10 Films Which Define The “Neo-noir” Genre

We hear a lot about a genre of movies called neo-noir…So what is it?! Well sources on google define neonoir (English: New-black; from the Greek neo, new; and the French noir, black) is a style often seen in modern motion pictures and other forms that prominently use elements of film noir, but with updated themes, content, style, visual elements or media that were absent in films noir of the 1940s and 1950s. In short, I would say its a genre which may be considered dark, depressing and mystical by many.

I am a fan of this genre, mainly because of the visual style and the dark elements. Many of them falter because they become “wannabe” films with a weak script. However, many of them have become classics over the years following their release and have been successful in portraying the “noir” atmosphere.

I have chosen 10 films which can be considered a part of this genre and are my favourites:

 

10. Brick (Rian Johnson, 2005)

brick_1

A high school loner played by Joseph Gordon-Levitt investigates the murder of his ex-girlfriend in this unique film modeled after classic hard-boiled detective films. A great wath, especially to note that even small indie films can hit the bull’s eye!

 

9. L.A. Confidential (Curtis Hanson, 1997)

la confidential

Three cops with different agendas investigate a murder case with links to corruption in the police force. The film feautured an ensemble cast of Kevin Spacey, Kim Basinger, Russell Crowe and Guy Pearce. Was nominated for 9 Academy awards and won 2 (Best Supporting Actress and Best Adapted Screenplay).

 

8. Chinatown (Roman Polanski, 1974)

Chinatown

Detective Jake who specializes in matrimonial cases is hired by Mrs. Mulwray to spy on her husband, the builder of the city’s water system. He finds himself in a web of deceit when Mr. Mulwray dies. Starred Jack Nichilson in a memorable role, and even after years of its release, still remains a classic film!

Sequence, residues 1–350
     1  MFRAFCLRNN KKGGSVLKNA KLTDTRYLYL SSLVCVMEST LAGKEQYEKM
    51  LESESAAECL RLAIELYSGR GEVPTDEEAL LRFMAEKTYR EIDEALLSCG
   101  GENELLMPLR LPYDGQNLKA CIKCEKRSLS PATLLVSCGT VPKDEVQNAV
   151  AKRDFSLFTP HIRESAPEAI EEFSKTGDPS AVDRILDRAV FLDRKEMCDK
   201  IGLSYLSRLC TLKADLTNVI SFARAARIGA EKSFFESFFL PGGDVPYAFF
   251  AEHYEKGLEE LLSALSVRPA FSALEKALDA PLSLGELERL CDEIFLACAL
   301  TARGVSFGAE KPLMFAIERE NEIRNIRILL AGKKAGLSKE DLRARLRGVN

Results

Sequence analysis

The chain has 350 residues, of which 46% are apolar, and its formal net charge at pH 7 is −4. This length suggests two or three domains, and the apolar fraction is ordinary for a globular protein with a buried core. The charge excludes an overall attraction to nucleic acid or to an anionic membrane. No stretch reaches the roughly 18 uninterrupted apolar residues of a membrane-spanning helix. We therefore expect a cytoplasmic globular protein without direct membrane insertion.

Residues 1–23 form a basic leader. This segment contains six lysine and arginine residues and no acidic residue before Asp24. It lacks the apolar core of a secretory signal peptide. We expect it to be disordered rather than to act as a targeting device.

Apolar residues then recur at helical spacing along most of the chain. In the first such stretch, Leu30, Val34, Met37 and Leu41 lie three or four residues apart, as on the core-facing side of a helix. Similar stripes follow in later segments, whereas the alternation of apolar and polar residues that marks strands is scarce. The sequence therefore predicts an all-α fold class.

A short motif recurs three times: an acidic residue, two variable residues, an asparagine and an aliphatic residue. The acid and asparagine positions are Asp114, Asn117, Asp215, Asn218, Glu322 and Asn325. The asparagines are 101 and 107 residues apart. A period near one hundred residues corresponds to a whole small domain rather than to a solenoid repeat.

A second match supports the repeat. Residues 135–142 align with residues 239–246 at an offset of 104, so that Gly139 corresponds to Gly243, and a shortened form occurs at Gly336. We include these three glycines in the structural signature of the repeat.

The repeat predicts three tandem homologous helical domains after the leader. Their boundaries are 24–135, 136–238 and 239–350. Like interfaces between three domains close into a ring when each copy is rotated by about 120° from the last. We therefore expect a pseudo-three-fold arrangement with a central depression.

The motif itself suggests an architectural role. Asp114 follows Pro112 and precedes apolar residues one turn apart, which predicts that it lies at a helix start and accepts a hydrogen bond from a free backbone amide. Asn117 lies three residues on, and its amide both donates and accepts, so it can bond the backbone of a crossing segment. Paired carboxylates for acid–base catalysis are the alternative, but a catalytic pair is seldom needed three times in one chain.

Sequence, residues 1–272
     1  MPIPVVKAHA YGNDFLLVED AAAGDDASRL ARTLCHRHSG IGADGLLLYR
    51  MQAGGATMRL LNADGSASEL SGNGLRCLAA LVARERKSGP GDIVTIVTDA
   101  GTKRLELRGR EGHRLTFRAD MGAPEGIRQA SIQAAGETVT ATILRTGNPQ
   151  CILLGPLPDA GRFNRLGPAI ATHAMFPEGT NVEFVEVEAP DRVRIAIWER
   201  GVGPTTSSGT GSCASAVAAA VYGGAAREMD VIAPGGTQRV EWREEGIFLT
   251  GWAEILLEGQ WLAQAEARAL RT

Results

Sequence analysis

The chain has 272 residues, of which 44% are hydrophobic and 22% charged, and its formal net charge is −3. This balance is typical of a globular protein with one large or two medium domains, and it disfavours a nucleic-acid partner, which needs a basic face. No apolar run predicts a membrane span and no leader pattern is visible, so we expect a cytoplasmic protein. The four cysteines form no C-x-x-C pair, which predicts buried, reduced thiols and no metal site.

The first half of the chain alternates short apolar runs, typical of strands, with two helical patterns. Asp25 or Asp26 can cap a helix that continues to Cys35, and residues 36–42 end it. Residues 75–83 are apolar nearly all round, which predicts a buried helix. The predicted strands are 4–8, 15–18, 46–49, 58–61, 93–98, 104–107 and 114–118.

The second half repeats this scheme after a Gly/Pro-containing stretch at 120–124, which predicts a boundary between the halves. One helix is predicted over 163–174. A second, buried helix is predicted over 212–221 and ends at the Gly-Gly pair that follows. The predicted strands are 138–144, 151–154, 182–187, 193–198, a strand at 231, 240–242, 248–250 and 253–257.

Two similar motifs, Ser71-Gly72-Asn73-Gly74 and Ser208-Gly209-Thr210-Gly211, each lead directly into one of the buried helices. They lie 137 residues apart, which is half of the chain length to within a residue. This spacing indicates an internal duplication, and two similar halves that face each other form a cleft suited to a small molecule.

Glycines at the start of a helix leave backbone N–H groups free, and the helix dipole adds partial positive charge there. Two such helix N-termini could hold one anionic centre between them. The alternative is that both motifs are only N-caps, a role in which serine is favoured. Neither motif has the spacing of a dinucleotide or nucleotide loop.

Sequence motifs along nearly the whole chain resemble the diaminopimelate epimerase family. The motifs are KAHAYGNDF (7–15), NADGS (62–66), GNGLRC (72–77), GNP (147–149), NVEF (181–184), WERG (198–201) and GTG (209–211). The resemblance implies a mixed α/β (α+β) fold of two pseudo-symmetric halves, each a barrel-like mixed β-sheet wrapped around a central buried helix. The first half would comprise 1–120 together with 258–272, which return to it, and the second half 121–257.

7. Gone Baby Gone (Ben Affleck, 2007)

gone_baby_gone

A private detective played by Casey Affleck clashes with a pair of police detectives played by Ed Harris and John Ashton as he works to find a kidnapped young girl. Excellent acting, screenplay and directing make this one a winner and Casey Affleck’s lead performance is one of the most underrated aspects of this well-received film.

 

6. The Chaser (Na Hong-jin, 2008)

The Chaser

An ex-cop turned pimp investigates the disappearance of two of his female employees and finds himself on a collision course with a serial murderer in this highly lauded South Korean film. No one could deny that the world of South Korean cinema has a number of great actors such as Choi Min-sik and Song Kang-ho. Add Kim Yun-seok and Ha Jung-woo to that list as they both deliver very fine performances as the pimp and the killer, respectively. Blatantly copied by bollywood copy-king Mohit Suri (Murder 2).

 

5.  Memento (Christopher Nolan, 2000)

memento

Christopher Nolan’s complex and outstanding neo-film noir Memento rightfully stands as the king of memory-oriented dark crime films. The film is told in reverse order as it begins with the ending and Guy Pearce delivers a great lead performance as a man with chronic short-term memory loss in search of his wife’s killer. Hoping to see Nolan make another one like this soon.

 

4. Se7en (David Fincher, 1995)

Se7en

A serial killer begins murdering people according to the seven deadly sins. Two detectives, one new to the city and the other about to retire, are tasked with apprehending the criminal. Brilliantly directed by David Fincher, the chilling performance by Kevin Spacey will surely give you the creeps. Brad Pitt and Morgan Freeman add to the star power!

 

3. Blade Runner (Ridley Scott, 1982)

Blade Runner

Deckard (Harrison Ford) is forced by the police Boss (M. Emmet Walsh) to continue his old job as Replicant Hunter. His assignment: eliminate four escaped Replicants from the colonies who have returned to Earth. Before starting the job, Deckard goes to the Tyrell Corporation and he meets Rachel (Sean Young), a Replicant girl he falls in love with. My favourite Ridley Scott film of all time, and one which was much much ahead of its time. A class apart!

 

2. Mulholland Drive (David Lynch, 2001)

Mullolland Drive

A dark-haired woman (Laura Elena Harring) is left amnesiac after a car crash. She wanders the streets of Los Angeles in a daze before taking refuge in an apartment. There she is discovered by Betty (Naomi Watts), a wholesome Midwestern blonde who has come to the City of Angels seeking fame as an actress. Together, the two attempt to solve the mystery of Rita’s true identity. 

If you ant to screw your mind, this is one film to do that! A film which has been interpreted in multiple ways by viewers, watch it for the visual style and a mystery which is actually difficult to decipher!

 

1. Oldboy (Park Chan-wook, 2003)

Oldboy movie

Recently imitated and nowhere near duplicated, director Chan-wook’s brutal tale of revenge features a fabulous lead performance by veteran South Korean actor Choi Min-sik as a man searching for whoever kidnapped him and imprisoned him in a hotel room for fifteen years. A masterpiece which is probably the best, and the most brutal revenge drama ever made!

 

This is a small list and I may have missed many, so comments are welcome!

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